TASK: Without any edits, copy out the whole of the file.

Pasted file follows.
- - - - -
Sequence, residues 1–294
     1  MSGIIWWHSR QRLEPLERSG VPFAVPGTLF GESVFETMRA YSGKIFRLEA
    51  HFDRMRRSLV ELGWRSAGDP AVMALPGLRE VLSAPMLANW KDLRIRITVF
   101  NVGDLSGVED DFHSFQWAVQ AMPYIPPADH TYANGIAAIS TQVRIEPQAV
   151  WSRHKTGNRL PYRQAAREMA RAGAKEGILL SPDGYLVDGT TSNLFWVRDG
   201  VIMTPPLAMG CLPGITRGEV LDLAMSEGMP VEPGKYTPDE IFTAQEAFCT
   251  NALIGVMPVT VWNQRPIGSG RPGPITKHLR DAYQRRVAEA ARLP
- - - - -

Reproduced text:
Sequence, residues 1–294
     1  MSGIIWWHSR QRLEPLERSG VPFAVPGTLF GESVFETMRA YSGKIFRLEA
    51  HFDRMRRSLV ELGWRSAGDP AVMALPGLRE VLSAPMLANW KDLRIRITVF
   101  NVGDLSGVED DFHSFQWAVQ AMPYIPPADH TYANGIAAIS TQVRIEPQAV
   151  WSRHKTGNRL PYRQAAREMA RAGAKEGILL SPDGYLVDGT TSNLFWVRDG
   201  VIMTPPLAMG CLPGITRGEV LDLAMSEGMP VEPGKYTPDE IFTAQEAFCT
   251  NALIGVMPVT VWNQRPIGSG RPGPITKHLR DAYQRRVAEA ARLP